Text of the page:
As part of my current drive to streamline my life, I’ve been trying to finish the backlog of games I’ve generated in the years I’ve owned my PS3. I buy them, I play them for a while, I usually never complete them. When I realised I didn’t have the space on the machine to load up any new games, I decided it was time to revisit a few of the older ones and finish them once and for all. Games like Assassin’s Creed 2, Tomb Raider Underworld, and Unchartered: Drake’s Fortune, which embarrassingly, I got with the Playstation, and have never bothered to finish it.
I was doing well until I completed all the aforementioned games. After that I ran headlong into my collection of Sandboxes – Oblivion, Fallout 3, Rage – and the momentum went out of me. It’s difficult to get motivated to finish a game when you have no bloody clue whether the end is in sight or not.
But all this gaming got me thinking about something that’s very present in the media at the moment – the representation of women. Within the genres that I enjoy reading, and in comic books, I’ve seen a lot on the internet about the appearance of women on front covers, and throughout the comic books. Exaggerated poses that are physically impossible to accentuate the ‘sexy’ have got a lot of people riled up. It’s not something that’s ever really bothered me, to be honest, but Lara’s ample bust and tiny waist did prompt me to start thinking about why.
The thing about the Tomb Raider franchise is it’s fantasy, like most things I like to read/watch/play. And Lara with her giant breasts is part of that fantasy. To me, the fantasy of Lara is actually less to do with her physical appearance and more to do with her physical abilities. Never mind her large breasts, that woman can pull herself up over ledges by performing an elegant handstand, practically bending herself in half. Boobs would be nice, as I have next to none, but I’d rather have that strength and flexibility any day. And her ability to grab tiny ledges from a flying leap and not miss and fall to her death (at least, most of the times when I’m in control!) She is impossible in more ways than just waist and bust size.
And that’s okay, because it’s fantasy. If we always had accurate representations of the average woman, then a lot of fiction and films would be really really boring. For instance, I am the biggest coward in the world. I’m literally scared of everything. An adventure film involving me would be about 10 minutes long, because at the first sign of an obstacle that involved possible death I would say: ‘Screw this, I’m going home.’
In my own reading I want characters that are relatable, yes, but I also want them to be interesting. I want them to do the things that I would never do, and take me on that journey with them so I can experience what it’s like to be brave, to fight and win, to keep pushing on far past the point I would have curled up and died. It’s why I enjoy reading so much, why I enjoy films. But I also understand that the things I enjoy have to appeal to much more than just me – and if a big pair of boobs is what it takes to make Lara popular so I can enjoy playing Tomb Raider, then I’m really not bothered.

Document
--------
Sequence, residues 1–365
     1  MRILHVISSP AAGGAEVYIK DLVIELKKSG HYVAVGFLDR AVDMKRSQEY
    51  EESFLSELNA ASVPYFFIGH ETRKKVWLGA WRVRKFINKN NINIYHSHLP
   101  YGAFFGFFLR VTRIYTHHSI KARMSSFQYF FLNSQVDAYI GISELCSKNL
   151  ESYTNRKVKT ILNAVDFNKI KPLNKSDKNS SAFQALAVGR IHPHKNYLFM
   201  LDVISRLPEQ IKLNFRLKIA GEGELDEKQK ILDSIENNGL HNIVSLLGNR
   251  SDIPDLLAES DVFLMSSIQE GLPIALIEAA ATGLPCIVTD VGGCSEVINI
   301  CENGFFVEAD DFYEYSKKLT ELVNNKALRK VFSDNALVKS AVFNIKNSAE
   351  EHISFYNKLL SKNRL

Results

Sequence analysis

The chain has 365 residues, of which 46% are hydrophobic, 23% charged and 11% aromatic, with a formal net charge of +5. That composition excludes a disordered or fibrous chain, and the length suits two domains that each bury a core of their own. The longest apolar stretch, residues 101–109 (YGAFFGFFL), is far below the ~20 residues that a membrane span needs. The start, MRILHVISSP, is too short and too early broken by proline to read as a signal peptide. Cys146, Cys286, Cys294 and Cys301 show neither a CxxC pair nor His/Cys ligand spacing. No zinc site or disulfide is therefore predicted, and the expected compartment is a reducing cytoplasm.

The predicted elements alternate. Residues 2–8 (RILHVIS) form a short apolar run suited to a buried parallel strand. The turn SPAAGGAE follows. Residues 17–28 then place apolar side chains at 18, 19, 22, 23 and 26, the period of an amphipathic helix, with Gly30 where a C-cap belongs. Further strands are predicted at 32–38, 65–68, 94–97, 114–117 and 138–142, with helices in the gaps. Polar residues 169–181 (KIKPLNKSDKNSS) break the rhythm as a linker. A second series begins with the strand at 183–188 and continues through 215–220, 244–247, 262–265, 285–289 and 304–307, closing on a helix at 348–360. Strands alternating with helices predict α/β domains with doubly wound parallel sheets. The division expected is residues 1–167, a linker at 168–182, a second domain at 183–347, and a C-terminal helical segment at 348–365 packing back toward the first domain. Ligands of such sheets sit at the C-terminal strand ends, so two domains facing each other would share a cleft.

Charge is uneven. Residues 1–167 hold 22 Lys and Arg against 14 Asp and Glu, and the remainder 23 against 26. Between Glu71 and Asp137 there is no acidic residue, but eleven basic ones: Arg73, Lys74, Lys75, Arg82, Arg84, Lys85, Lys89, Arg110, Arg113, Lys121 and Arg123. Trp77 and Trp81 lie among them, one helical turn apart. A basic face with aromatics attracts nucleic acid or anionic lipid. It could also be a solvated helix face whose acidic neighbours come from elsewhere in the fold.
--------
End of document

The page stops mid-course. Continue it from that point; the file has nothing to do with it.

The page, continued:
Because the thing is, it goes both ways as well. Take Unchartered: Drake’s Fortune – the other game I’ve been completing recently. It’s very similar to Tomb Raider – climbing, puzzles, ancient tombs, only with a little more focus on gunfights and a male lead instead of a woman.
I thought Drake would be very much a lad’s game, but look at this guy. That is clearly not pandering to any male fantasies about attractiveness. He has a soft femininity about him, rough enough to be believable as an explorer and to add an edge of mystery to his allure, but his jokey personality, sexy voice and the way he interacts with his female co-explorer show a softer, sensitive, boyfriend material side that is clearly meant to get the ladies feeling a little hot under the collar.
I can understand why people argue that representing people in films and books in an idealised way can be damaging. Certain cultural attitudes towards women I do find offensive, and I wouldn’t want to see Twilight attitudes like ‘you have to have a boyfriend or you should go jump off a cliff’ perpetuated any more than they already have been, but accentuating appearances? Really not bothered. At the end of the day, it’s fantasy. And if we can’t enjoy unrealistically attractive, cool and capable men and women in fantasy, then where’s the fun in that?